Schools That Work
Because many of the students have experienced poverty, Educare New Orleans recognizes that academics need to be supported with integrated, trauma-informed practices.
Both educators and parents receive training on adverse childhood experiences (ACEs), and classrooms have safe spaces where children can decompress from frustrations so they are ready to learn. The school’s academic curriculum also includes Conscious Discipline, an evidence-based approach provided through Frog Street Press that teaches students the language and behaviors to address conflict among themselves.
In teacher Antonia Celius’s preschool class, Celius helps students identify how they feel and how to translate those feelings into appropriate actions, such as telling a peer not to encroach on personal space or take a toy without asking.
“Instead of having fights, we’re now having discussions,” said Celius, who has worked in early childhood education for 17 years. “It helps them take a breath, step away for a moment, and take ownership over their feelings and how they behave.”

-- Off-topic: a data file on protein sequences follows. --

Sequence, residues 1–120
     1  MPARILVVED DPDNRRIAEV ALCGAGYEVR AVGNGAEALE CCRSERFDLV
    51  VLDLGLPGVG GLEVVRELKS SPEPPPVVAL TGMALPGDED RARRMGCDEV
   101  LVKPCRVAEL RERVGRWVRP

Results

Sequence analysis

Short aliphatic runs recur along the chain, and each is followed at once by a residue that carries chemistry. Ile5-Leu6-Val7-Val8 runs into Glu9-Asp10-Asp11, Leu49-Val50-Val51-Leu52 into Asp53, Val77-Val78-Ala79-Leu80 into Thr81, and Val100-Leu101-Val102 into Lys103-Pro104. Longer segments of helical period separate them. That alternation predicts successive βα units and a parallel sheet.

Patterns and Insights in the Numbers
Like Educare students, staff are provided holistic support so they can develop as professionals, said Celius, who joked that she feels pressure because she doesn’t yet have her master’s degree.
All classrooms at Educare New Orleans are served by three teachers—a lead or senior teacher, an assistant, and an aide—who are required to have at least a bachelor’s degree, associate’s degree, and Child Development Associate (CDA) credential, respectively.
Embedded, regular professional development encourages teachers at each level to stay at the top of their game. A process known as reflective supervision includes monthly meetings between supervisors and classroom teachers in which they discuss areas where teachers can improve (“Grows”) and areas where they are succeeding (“Glows”).
“We have really high expectations for our staff,” said Anderson, who emphasized that the reflective supervision is not meant as a gotcha but as a way to improve a teacher’s craft. “This is not a day care; that is not what we do here. This is not just tummy time and singing songs and playing with paint. We have real lesson plans and group activities so children meet their milestones.”
Unlike in many preschools, data is used to inform teaching practices. A partnership with nearby Tulane University sends researchers into the center daily, and teachers regularly record notes on students’ development, such as how often they interact with their peers or the vocabulary they use during lessons and playtime.